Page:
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On a recent trip to Alaska, Michaluk went on a nature tour with her grandparents. People would ask questions, and she would answer every one correctly. “The tour person was like, ‘Are you from Alaska?’” Selina recounts. “She said, ‘No, I read books.’”
As she’s gotten older and more experienced, Michaluk’s research has become gradually less experimental and more purposeful. Her work with salamanders has to do with their endangered place in the world and her desire to educate people about it. In the spring, she was featured in a video the Watershed Institute produced advocating for environmental sensitivity in the development of oil and gas pipelines.
She says she likes to help communities better understand what is happening in their environment, so they can make more informed decisions. She would love to go into research science, working at a place like Cold Spring Harbor or the Woods Hole Oceanographic Institution.
Stretz says it has been amazing to watch Michaluk’s love of the natural world turn into what looks like an amazing future opening up before her.
“We have a lot of kids who come through the educational programs at the watershed,” Stretz says. “But Sonja, she is always seeking out more education, more volunteer opportunities, more teaching opportunities.”
Stretz knows what you might be thinking about an unusually ambitious kid. She says it’s absolutely not the case. “It’s not her parents pushing her,” she says. “She’s the one really pushing her parents. And they’re just really great in allowing her to take it where she wants.”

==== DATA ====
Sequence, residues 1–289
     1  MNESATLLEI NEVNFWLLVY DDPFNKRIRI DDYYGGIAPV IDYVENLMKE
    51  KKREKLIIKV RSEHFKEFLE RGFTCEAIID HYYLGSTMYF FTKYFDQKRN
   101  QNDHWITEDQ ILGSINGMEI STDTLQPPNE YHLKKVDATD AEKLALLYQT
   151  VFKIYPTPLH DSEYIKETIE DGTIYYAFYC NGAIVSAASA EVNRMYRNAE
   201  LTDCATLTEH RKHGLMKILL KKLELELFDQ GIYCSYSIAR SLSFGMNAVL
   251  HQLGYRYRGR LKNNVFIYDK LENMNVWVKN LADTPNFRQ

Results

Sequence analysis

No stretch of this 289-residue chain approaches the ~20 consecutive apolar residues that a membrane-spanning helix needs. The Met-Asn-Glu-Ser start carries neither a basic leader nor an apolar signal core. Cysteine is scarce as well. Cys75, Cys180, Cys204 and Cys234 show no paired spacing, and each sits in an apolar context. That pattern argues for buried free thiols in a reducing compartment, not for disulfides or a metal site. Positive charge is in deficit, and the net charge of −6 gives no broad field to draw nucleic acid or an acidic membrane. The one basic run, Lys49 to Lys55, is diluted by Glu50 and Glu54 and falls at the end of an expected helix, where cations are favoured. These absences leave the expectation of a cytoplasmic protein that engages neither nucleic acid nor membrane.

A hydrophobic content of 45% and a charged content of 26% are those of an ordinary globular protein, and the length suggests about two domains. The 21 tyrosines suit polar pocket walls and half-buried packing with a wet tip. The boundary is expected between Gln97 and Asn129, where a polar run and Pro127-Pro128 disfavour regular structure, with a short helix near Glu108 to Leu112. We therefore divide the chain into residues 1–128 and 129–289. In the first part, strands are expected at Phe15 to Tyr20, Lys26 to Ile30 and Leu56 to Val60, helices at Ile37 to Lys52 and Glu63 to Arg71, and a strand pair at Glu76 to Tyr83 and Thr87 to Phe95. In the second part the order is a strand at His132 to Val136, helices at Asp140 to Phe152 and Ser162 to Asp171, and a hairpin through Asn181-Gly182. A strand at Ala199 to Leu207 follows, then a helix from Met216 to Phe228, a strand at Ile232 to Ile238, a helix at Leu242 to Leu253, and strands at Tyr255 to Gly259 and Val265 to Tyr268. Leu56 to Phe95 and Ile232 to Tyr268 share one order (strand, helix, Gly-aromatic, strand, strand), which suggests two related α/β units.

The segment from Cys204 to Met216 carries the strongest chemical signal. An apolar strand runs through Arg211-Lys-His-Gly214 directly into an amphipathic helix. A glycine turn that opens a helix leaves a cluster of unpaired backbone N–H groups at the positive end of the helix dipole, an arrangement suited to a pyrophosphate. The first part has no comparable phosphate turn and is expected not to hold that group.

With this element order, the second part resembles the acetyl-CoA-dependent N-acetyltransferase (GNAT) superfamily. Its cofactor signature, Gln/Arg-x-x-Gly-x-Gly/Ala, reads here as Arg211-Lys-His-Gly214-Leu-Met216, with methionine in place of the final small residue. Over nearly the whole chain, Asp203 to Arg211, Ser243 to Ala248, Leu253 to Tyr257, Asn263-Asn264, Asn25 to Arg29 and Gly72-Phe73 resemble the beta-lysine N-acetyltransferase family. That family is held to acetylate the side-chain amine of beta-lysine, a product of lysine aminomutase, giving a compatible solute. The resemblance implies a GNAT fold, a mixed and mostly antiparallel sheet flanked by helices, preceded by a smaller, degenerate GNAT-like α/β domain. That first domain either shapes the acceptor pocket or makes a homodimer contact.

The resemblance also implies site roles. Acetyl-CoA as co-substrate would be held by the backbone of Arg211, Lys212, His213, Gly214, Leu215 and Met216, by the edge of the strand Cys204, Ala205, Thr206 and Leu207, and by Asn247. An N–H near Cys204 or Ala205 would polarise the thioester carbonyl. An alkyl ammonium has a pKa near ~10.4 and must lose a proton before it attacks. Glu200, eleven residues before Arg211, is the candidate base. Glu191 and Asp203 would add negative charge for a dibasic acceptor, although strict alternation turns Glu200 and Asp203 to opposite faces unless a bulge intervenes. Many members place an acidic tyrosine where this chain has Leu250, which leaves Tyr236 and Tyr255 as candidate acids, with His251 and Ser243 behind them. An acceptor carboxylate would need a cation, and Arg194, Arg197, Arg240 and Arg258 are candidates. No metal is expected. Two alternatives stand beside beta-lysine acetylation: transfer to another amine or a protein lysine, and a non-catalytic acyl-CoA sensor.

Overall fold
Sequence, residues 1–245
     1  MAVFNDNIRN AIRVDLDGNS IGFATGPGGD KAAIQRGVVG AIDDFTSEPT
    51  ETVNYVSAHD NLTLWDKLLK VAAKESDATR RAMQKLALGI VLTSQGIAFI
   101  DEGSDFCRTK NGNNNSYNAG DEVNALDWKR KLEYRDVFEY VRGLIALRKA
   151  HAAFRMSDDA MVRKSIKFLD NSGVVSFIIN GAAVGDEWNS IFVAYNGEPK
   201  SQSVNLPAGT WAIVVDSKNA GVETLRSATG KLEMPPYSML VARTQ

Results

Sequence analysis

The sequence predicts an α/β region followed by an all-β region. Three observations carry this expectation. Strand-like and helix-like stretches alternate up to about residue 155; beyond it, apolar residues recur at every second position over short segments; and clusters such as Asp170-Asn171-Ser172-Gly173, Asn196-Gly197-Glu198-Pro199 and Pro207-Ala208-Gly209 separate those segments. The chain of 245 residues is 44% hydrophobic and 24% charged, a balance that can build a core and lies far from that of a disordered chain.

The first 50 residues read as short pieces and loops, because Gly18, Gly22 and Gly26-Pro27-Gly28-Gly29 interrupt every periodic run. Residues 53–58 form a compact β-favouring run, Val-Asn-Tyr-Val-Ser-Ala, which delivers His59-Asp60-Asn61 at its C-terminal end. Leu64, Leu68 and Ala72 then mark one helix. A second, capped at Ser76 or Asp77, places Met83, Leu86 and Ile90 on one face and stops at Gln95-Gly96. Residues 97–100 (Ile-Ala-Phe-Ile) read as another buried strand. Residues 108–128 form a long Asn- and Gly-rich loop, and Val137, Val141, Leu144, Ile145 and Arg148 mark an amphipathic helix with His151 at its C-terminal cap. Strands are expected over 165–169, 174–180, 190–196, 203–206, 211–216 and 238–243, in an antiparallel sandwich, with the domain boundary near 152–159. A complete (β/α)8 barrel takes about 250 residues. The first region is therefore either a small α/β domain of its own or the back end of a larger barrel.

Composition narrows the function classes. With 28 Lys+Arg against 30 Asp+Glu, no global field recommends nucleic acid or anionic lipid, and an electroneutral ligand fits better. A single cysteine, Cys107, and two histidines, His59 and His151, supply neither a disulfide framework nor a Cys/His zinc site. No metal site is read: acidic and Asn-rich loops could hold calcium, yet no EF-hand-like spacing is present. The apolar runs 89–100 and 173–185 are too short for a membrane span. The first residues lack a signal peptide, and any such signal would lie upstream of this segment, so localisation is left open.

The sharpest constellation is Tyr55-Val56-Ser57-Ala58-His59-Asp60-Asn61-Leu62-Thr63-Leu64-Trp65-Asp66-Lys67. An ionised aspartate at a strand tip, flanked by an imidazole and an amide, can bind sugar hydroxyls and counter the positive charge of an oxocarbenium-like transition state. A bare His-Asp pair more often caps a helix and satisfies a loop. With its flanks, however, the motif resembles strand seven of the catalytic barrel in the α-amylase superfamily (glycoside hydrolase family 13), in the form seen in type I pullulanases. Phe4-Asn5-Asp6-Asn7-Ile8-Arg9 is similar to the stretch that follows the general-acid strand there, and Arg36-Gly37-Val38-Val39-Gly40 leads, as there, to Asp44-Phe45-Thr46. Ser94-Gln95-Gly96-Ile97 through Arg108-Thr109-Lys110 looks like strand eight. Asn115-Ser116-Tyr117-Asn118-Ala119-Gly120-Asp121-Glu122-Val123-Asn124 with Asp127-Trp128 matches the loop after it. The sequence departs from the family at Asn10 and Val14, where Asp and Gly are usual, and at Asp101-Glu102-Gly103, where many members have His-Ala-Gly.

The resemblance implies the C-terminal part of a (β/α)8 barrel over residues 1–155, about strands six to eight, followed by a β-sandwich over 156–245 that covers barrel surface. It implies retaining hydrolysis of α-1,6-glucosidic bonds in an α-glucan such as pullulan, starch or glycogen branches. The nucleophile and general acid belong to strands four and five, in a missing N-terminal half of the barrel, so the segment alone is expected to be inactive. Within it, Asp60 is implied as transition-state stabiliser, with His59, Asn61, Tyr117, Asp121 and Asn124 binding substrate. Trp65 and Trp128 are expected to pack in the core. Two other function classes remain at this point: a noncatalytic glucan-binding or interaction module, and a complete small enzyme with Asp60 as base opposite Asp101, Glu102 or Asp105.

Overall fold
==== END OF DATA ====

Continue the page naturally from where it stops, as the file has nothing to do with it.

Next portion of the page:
Nor is Sonja the only precocious one in the Michaluk family. Sister Charlotte, a seventh grader at Timberlane Middle School, is another inquisitive student and watershed volunteer. “She’s showing the same kind of awe at the most innocent things (as Sonja),” Stretz says. “It’s like every time Sonja sees a salamander in the stream it’s like it’s the first time. Her eyes light up. And I think Charlotte is the same way. She is very sharp as well.”
Michaluk says she has been fortunate to have a number of mentors who have influenced her and continue to influence her on her scientific journey. She mentions Stretz and Steve Tuorto from the Watershed Institute, as well as Patricia Shanley, a researcher who she says really steered her interests in environmental conservation.
She also cites some of her science teachers from the Hopewell Valley Regional School District, including Karen Lucci, Loreen Holstein and Kelli Iannacone. And another mentor figure is Teresita Bastides-Heron, of Sustainable Lawrence, who she says has been instrumental in helping her become more comfortable teaching both kids and adults.
When she’s not taking part in groundbreaking research or being recognized for important innovations, Michaluk has other interests that she also likes to pursue. She writes poetry and also takes pride in her original artwork. Not surprisingly, she likes to work with natural materials like sand pebbles and seaweed. Recently, she’s been making jewelry out of the cases left behind by the larva of the caddisfly. The larva use material from their environment to make the cases, and an artist can create unique designs by giving the larva different material to work with, including gold.
She also works with silicone, making works of art and other things. She once made a mermaid tail out of silicone, which could be worn over her legs like a prosthesis. “I’ve kind of outgrown it, but when I would wear it to the beach I would get the most interesting questions from little kids,” she says. “Like they’ll hand me seaweed and ask me if I want to eat it. One person asked me if I’ve ever been attacked by a shark. Most kids, I have learned, are more likely to listen to a supposed mermaid. So it’s a great way to get them to pay attention.”